“It’s not your fault, of course,” went on the guv’nor, calming down a trifle. “I’m not blaming you. But, by Jove, I mean, you must acknowledge, I mean to say—I’ve been thinking pretty deeply these last few days, Jeeves, and I’ve come to the conclusion mine is an empty life. I’m lonely, Jeeves.”

“You have a great many friends, sir,” I pointed out.

“What’s the good of friends?”

“Emerson says a friend may well be reckoned the masterpiece of Nature, sir.”

“Well, you can tell Emerson from me next time you see him that he’s an ass.”

“Very good, sir.”

“What I want—Jeeves, have you seen that play called I-forget-its-dashed-name?”

“No, sir.”

“It’s on at the What-d’you-call-it. I went last night. The hero’s a chap who’s buzzing along, you know, quite merry and bright, and suddenly a kid turns up and says she’s his daughter. Left over from act one, you know—absolutely the first he’d heard of it. Well, of course, there’s a bit of a fuss and they say to him: ‘What-ho?’ and he says: ‘Well, what about it?’ and they say: ‘Well, what about it?’ and he says: ‘Oh, all right, then, if that’s the way you feel!’ and he takes the kid and goes off with her out into the world together, you know. Well, what I’m driving at, Jeeves, is that I envied that chappie. Most awfully jolly little girl, you know, clinging to him trustingly and what not. Something to look after, if you know what I mean. Jeeves, I wish I had a daughter. I wonder what the procedure is?”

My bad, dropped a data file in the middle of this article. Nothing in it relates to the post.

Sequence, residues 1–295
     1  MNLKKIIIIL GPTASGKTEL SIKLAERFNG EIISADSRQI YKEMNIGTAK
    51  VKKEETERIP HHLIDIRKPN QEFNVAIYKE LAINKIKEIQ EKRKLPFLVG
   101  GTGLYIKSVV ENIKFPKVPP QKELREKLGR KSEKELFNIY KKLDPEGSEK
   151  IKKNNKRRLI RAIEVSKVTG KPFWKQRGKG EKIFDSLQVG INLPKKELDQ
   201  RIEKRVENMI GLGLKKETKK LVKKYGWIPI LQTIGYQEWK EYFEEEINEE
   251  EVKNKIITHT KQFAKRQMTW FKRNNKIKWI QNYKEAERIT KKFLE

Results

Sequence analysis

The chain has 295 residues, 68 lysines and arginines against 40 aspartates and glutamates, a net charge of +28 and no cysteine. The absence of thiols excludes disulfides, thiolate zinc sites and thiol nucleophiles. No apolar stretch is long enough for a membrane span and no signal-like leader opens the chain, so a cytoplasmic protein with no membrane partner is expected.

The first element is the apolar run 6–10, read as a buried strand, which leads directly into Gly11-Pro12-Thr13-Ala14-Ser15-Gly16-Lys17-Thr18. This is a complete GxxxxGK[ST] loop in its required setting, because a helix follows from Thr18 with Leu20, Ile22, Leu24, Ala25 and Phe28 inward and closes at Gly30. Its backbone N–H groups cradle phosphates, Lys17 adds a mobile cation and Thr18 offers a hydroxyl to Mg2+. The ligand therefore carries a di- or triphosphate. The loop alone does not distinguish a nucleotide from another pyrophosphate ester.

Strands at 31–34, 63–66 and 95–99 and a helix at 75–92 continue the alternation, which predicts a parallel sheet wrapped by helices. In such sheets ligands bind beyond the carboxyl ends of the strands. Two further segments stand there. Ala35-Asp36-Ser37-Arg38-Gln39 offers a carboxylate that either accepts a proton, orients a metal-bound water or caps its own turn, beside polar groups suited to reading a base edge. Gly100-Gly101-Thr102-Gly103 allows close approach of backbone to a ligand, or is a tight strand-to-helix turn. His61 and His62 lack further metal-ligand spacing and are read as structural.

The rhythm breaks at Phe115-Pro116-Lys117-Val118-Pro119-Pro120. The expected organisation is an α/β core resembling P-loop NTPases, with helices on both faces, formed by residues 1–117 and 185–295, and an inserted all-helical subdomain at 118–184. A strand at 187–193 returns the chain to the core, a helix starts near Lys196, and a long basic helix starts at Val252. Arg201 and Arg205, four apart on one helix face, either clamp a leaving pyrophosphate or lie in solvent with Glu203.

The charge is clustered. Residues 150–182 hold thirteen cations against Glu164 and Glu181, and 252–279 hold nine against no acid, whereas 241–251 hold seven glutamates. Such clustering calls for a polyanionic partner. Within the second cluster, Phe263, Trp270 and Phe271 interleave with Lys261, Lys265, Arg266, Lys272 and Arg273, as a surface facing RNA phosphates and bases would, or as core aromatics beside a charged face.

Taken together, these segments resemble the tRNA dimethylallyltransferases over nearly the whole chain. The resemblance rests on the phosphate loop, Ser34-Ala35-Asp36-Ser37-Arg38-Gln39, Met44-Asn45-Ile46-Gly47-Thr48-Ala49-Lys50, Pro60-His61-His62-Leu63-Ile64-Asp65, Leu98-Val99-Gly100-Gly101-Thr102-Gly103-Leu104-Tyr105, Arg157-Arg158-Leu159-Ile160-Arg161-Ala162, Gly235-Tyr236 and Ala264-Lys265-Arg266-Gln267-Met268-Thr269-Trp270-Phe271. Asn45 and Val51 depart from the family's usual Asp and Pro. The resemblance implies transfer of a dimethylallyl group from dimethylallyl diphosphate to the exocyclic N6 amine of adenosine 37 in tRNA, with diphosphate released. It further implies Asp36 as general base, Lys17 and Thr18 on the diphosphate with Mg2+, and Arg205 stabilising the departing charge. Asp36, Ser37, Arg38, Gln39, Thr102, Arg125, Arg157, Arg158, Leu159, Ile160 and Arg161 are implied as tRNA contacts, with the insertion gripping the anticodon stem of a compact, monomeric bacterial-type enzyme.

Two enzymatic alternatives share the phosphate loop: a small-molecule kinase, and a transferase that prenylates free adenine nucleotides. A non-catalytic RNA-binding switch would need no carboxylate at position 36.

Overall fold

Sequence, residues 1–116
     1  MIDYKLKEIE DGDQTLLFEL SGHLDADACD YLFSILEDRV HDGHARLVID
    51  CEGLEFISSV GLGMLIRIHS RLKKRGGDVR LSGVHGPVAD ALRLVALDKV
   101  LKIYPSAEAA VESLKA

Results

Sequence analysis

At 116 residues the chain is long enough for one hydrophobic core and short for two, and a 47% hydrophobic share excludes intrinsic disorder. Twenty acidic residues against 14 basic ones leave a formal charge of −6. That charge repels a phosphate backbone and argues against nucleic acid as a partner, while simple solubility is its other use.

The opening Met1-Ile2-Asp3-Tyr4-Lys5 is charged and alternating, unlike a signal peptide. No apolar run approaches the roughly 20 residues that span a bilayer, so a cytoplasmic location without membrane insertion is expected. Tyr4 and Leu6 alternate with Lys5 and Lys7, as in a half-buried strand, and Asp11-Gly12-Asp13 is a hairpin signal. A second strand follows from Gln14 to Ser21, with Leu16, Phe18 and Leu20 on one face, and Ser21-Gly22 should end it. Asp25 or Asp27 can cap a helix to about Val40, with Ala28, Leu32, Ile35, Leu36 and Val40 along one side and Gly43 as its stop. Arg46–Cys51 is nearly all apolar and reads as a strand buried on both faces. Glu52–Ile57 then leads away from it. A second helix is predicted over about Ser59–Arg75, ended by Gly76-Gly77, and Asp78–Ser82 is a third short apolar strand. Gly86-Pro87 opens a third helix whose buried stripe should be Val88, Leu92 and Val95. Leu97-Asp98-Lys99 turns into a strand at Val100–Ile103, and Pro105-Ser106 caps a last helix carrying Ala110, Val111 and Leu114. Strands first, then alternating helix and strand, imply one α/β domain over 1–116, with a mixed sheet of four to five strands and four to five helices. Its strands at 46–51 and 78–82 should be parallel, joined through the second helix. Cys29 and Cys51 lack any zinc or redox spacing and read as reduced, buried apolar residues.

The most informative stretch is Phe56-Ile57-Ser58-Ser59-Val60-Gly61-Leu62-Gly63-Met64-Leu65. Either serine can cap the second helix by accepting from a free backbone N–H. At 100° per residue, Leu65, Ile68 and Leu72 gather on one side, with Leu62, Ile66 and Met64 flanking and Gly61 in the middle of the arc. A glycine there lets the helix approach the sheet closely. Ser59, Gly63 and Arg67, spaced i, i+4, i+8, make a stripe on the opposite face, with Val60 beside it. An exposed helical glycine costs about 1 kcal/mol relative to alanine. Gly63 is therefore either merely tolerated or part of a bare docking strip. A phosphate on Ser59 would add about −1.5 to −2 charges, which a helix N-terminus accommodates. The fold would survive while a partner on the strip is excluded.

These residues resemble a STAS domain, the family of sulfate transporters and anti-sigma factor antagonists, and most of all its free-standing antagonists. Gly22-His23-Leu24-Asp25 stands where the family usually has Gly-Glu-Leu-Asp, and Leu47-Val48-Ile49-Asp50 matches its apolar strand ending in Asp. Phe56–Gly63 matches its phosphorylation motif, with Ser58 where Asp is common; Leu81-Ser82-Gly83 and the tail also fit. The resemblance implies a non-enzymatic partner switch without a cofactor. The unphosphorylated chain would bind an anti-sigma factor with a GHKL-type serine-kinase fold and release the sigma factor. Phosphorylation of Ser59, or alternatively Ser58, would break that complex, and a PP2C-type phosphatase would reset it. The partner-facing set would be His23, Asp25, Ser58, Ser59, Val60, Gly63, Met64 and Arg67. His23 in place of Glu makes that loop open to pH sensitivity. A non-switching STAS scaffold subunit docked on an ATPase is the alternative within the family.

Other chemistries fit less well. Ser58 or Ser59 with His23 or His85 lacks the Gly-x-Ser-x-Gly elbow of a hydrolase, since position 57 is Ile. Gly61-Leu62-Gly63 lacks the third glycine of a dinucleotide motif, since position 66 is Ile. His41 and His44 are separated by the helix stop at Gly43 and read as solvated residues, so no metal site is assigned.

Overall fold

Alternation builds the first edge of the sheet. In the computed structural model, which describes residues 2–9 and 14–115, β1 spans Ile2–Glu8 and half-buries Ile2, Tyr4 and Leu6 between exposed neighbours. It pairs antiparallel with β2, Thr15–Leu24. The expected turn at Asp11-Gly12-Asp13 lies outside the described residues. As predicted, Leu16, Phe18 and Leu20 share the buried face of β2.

“Marriage is, I believe, considered the preliminary step, sir.”

“No, I mean about adopting a kid. You can adopt kids, you know, Jeeves. I’ve seen it in the papers, often. ‘So-and-so, adopted daughter of Tiddleypush.’ It can be done all right. But what I want to know is how you start about it.”

“The process, I should imagine, would be highly complicated and laborious, sir. It would cut into your spare time.”

This seemed to check him for a while. Then he brightened up.

“Well, I’ll tell you what I could do, then. My sister will be back from India next week with her three little girls. I’ll give up this flat and take a house and have them all to live with me. By Jove, Jeeves, I think that’s rather a scheme, what? Prattle of childish voices, eh? Little feet pattering hither and thither, yes!”